So there you have it. Vodafone appears to have a GPRS problem in Europe which should carry a health warning and costs customers the proverbial arm and a leg and which they only find out about after they have received their bill and if they decide to complain and not before. I suspect that this is the price of cellular progress but others might see it as evidence of sharp practise in the European mobile telephony business.


Comments

Popular posts from this blog

Mainframe to Mobile

Not one of us has a clue what the world will look like in five years’ time, yet we are all preparing for that future – As  computing power has become embedded in everything from our cars and our telephones to our financial markets, technological complexity has eclipsed our ability to comprehend it’s bigger picture impact on the shape of tomorrow.

Our intuition has been formed by a set of experiences and ideas about how things worked during a time when changes were incremental and somewhat predictable. In March 1953. there were only 53 kilobytes of high-speed RAM on the entire planet.

Today, more than 80 per cent of the value of FTSE 500* firms is ‘now dark matter’: the intangible secret recipe of success; the physical stuff companies own and their wages bill accounts for less than 20 per cent: a reversal of the pattern that once prevailed in the 1970s. Very soon, Everything at scale in this world will be managed by algorithms and data and there’s a need for effective platforms for ma…

Civilisational Data Mining

It’s a new expression I haven’t heard before. ‘Civilisational data mining.’

Let me start by putting it in some context. Every character, you or I have typed into the Google search engine or Facebook over the last decade, means something, to someone or perhaps ‘something,’ if it’s an algorithm.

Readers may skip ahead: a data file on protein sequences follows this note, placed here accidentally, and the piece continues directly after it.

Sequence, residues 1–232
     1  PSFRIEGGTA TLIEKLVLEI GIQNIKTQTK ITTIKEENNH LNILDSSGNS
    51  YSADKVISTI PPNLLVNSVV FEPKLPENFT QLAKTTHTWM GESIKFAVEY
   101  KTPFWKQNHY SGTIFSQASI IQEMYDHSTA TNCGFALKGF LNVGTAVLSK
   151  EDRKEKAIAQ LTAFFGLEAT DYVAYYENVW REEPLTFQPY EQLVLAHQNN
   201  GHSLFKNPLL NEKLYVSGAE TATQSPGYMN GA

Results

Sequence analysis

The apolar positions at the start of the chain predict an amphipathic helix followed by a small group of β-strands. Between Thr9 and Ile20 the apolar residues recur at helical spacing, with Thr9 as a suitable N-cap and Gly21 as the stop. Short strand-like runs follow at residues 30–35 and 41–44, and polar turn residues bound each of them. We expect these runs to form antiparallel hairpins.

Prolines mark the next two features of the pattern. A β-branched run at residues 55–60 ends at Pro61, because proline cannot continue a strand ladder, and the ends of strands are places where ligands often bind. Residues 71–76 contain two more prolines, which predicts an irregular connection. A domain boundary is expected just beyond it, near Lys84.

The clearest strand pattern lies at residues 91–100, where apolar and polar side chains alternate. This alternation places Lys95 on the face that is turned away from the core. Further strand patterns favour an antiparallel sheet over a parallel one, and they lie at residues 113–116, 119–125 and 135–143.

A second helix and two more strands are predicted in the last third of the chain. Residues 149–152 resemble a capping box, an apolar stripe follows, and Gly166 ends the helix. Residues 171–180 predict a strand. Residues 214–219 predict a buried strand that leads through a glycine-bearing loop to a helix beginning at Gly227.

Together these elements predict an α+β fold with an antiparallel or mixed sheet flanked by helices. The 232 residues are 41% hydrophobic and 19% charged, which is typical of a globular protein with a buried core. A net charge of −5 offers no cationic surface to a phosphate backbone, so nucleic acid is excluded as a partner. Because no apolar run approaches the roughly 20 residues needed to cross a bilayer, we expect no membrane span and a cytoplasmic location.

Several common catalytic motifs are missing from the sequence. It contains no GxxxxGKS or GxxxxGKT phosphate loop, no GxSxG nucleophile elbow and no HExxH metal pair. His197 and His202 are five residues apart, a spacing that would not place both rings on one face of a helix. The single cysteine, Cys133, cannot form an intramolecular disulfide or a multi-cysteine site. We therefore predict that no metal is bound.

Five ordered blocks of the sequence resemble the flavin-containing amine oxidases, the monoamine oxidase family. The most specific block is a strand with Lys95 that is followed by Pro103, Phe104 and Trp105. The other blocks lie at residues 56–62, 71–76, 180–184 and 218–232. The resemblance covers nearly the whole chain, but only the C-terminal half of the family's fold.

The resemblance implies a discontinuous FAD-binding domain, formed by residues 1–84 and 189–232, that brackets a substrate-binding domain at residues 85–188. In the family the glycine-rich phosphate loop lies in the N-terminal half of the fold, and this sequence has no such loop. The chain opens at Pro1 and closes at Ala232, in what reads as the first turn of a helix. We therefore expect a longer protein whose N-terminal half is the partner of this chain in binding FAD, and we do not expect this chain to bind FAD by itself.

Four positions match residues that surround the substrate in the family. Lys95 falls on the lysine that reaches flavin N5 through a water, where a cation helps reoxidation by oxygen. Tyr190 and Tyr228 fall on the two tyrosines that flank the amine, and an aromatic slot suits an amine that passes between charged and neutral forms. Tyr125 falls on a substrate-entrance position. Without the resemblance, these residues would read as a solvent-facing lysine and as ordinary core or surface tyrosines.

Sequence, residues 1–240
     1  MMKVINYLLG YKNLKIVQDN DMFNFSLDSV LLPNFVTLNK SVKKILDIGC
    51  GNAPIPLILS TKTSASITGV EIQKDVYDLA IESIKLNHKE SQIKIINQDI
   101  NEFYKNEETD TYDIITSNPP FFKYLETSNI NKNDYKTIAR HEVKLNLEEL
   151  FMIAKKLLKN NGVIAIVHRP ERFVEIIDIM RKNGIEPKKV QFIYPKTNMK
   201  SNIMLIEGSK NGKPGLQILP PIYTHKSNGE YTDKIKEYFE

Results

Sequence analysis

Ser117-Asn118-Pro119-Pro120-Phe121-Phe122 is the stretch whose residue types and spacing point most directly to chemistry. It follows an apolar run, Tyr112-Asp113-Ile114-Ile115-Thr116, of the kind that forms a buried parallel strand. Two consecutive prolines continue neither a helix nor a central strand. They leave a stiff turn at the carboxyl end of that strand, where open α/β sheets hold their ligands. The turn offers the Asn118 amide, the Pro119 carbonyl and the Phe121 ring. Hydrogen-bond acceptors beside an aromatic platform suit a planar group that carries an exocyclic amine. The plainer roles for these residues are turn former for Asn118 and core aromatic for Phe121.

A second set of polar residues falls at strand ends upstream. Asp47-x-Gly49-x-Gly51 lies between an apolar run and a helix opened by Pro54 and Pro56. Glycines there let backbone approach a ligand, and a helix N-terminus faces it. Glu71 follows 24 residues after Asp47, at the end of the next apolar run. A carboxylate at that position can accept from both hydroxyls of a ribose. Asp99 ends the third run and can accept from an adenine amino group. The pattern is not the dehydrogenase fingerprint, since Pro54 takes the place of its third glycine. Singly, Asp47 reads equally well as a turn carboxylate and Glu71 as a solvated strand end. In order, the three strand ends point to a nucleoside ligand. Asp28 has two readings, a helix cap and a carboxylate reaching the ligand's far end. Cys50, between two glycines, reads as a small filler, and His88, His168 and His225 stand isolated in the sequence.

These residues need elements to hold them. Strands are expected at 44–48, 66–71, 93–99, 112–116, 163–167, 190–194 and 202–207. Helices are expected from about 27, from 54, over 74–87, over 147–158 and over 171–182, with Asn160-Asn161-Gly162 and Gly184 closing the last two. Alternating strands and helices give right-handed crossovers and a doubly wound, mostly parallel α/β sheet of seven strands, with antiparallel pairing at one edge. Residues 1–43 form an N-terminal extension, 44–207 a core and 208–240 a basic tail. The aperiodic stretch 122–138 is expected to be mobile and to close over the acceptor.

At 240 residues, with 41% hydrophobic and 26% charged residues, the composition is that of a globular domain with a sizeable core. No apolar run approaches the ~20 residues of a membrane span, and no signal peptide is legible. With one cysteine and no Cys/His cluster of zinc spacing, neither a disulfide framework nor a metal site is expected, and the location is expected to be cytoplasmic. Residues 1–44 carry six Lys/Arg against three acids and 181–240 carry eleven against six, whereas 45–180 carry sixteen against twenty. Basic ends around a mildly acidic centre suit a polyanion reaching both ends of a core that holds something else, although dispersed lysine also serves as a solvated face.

In May 2014, journalists revealed that the United States National Security Agency, the NSA, was recording and archiving every single cell-phone conversation that took place in the Bahamas. In the process they managed to transform a significant proportion of a society’s day to day interactions into unstructured data; valuable information which can of course be analysed, correlated and transformed for whatever purpose the intelligence agency deems fit.

And today, I read that a GOP-hired data company in the United States has ‘leaked’ personal information, preferences and voting intentions on… wait for it… 198 million US citizens.

Within another decade or so, the cost of sequencing the human genome …

The Big Steal

I’m not here to predict the future;” quipped the novelist, Ray Bradbury. “I’m here to prevent it.” And the future looks much like one where giant corporations who hold the most data, the fastest servers, and the greatest processing power will drive all economic growth into the second half of the century.

We live in an unprecedented time. This in the sense that nobody knows what the world will look like in twenty years; one where making confident forecasts in the face of new technologies becomes a real challenge. Before this decade is over, business leaders will face regular and complex decisions about protecting their critical information and systems as more of the existing solutions they have relied upon are exposed as inadequate.

The few real certainties we have available surround the uninterrupted march of Moore’s Law - the notion that the number of transistors in the top-of-the-line processors doubles approximately every two years - and the unpredictability of human nature. Exper…